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NREL reduces dinitrogen into ammonia using light

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Hydrocarbon Engineering,

A new process using light to reduce dinitrogen into ammonia, the main ingredient in chemical fertilizers, could inspire development of new, more sustainable processes. According to researchers at the Energy Department's National Renewable Energy Laboratory (NREL), photochemical (photon) energy can serve as a substitute for the adenosine 5'-triphosphate (ATP)-dependent electron transfer mechanism typically used in biology to drive nitrogenase to reduce dinitrogen (N2) to ammonia (NH3).

Scientists at NREL worked with researchers at Utah State University, University of Colorado Boulder, and Montana State University.

"Not only were we able to prove the light-driven process successful for the first time, but the rates of ammonia production were shown to be a good approximation to those of the ATP-dependent reaction, at 60-70%," said NREL Research Scientist Paul King.

The study entitled: "Light-driven dinitrogen reduction catalyzed by a CdS:nitrogenase MoFe protein biohybrid," appears in the journal Science, and was authored by Katherine A. Brown, Derek F. Harris, Molly B. Wilker, Andrew Rasmussen, Nimesh Khadka, Hayden Hamby, Stephen Keable, Gordana Dukovic, John W. Peters, Lance C. Seefeldt, and Paul W. King.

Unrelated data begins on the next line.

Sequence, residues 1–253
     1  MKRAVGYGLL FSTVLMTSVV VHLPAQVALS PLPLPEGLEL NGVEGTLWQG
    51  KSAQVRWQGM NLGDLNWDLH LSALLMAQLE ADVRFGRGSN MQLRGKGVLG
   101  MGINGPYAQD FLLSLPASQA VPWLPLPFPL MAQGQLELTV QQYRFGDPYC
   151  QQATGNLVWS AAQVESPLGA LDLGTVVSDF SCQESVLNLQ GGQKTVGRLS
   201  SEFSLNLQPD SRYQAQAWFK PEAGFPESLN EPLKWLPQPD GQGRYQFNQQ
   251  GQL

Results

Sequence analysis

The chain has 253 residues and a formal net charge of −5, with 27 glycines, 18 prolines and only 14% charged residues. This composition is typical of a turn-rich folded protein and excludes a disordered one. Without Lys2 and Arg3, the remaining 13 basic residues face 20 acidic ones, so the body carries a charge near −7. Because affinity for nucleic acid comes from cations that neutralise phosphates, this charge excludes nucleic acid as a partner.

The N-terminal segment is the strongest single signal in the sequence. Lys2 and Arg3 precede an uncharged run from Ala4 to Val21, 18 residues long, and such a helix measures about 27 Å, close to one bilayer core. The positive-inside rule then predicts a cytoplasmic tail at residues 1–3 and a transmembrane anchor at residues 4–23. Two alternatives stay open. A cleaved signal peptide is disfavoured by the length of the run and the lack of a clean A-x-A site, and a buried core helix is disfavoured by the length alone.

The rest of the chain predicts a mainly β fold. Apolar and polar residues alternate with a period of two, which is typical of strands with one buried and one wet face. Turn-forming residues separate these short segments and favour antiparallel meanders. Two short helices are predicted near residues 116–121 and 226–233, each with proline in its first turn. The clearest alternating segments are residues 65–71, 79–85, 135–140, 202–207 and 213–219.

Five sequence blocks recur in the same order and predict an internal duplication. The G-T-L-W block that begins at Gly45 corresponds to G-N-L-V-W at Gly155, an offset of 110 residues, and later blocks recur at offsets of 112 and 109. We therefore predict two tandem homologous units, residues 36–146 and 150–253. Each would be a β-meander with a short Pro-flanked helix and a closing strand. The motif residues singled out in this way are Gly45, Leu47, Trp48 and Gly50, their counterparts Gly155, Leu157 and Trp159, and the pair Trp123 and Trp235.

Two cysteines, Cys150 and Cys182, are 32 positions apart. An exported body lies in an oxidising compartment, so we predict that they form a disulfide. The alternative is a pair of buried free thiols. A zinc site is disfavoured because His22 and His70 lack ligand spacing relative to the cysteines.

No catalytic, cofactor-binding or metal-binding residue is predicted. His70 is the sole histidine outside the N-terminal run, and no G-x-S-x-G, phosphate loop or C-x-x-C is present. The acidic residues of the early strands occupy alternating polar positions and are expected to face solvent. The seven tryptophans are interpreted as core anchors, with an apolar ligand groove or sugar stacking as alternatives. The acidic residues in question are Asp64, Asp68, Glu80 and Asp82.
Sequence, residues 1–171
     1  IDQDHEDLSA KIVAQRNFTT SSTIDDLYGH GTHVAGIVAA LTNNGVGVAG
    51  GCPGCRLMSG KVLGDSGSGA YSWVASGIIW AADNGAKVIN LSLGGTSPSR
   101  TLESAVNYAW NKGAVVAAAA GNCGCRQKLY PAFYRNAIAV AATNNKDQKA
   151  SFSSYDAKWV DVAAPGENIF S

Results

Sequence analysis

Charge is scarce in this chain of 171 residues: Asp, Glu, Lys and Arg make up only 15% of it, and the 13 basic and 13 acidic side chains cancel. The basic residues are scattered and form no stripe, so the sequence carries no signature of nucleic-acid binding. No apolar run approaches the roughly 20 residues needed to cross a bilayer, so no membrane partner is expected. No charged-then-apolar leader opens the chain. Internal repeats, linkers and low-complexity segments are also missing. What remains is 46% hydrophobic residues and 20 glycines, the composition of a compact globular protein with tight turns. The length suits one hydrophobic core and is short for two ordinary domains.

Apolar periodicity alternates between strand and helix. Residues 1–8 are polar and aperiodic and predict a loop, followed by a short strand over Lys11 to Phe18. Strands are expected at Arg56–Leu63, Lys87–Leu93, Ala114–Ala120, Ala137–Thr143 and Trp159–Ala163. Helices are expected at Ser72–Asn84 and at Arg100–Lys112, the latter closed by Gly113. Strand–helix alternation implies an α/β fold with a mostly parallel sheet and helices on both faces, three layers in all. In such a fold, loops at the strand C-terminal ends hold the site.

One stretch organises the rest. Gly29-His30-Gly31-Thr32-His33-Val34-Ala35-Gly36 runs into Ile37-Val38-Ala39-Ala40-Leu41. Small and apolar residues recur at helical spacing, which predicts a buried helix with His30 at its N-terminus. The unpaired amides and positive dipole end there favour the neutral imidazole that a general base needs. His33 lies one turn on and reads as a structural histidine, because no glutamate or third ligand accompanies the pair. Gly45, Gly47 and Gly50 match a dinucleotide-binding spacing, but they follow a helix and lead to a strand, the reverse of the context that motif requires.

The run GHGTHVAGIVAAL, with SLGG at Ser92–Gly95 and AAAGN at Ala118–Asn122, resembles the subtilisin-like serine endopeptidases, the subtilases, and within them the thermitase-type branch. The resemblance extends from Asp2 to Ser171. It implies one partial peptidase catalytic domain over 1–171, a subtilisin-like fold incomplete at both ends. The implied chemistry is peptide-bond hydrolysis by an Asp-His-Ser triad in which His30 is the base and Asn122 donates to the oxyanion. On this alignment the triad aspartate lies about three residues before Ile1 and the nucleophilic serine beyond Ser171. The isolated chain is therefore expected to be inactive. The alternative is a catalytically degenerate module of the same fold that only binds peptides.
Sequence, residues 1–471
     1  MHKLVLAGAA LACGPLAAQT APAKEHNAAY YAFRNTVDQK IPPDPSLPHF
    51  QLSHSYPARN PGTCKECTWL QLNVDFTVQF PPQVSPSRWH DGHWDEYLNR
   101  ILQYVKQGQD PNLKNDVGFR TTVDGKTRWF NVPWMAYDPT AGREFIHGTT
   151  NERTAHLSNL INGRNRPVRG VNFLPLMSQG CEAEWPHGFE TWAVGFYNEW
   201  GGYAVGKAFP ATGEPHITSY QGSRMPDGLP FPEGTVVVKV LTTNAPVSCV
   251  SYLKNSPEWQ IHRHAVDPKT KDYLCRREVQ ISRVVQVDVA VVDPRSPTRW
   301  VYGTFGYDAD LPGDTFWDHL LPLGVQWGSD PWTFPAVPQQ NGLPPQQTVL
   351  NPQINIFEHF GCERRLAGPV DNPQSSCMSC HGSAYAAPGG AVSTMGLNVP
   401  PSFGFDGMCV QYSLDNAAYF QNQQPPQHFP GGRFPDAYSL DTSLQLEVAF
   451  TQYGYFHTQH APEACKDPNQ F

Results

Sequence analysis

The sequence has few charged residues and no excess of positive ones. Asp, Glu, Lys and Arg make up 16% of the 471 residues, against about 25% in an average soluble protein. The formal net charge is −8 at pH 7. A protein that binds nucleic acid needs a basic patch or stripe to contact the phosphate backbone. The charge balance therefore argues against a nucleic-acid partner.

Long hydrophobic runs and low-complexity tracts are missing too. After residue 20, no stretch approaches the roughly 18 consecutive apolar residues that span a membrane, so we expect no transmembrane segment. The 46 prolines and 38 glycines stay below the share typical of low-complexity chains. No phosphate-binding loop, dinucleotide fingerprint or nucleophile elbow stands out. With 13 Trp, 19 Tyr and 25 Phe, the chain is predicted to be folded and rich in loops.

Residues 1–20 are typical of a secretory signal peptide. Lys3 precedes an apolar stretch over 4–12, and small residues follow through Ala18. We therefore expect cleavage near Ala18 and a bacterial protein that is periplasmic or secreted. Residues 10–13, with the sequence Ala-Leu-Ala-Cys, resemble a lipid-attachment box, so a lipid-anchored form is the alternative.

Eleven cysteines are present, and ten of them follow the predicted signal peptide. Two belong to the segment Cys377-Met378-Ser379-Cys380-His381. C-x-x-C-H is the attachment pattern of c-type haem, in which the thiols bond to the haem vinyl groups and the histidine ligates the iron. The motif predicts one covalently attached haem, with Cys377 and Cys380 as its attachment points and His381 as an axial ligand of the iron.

The researchers showed that cadmium sulfide (CdS) nanocrystals can be used to harvest light, turning the energy from that light to energize electrons with sufficient potential to propel the reduction of N2 into ammonia, which takes place within the nitrogenase molybdenum iron (MoFe) protein. The new method essentially replaces the ATP hydrolysis-dependent enzymatic process with CdS nanorod light-harvesting and energy conversion.

"Using light harvesting to drive difficult catalytic reactions has the potential to create new, more efficient chemical and fuel production technologies," said NREL Research Scientist Katherine Brown. "Light driven N2 reduction has been done before, just at very, very low rates and not by nitrogenase. We did it with nitrogenase and obtained much higher yields and rates."

NREL's Laboratory-Directed Research and Development programme provided the funding.

"We followed an idea to create new science that we expect will make a significant impact on the industrial and scientific production of ammonia," King added. "In the case of this study, the type of funding allowed us to try something that we hadn't tested before, and it paid off."

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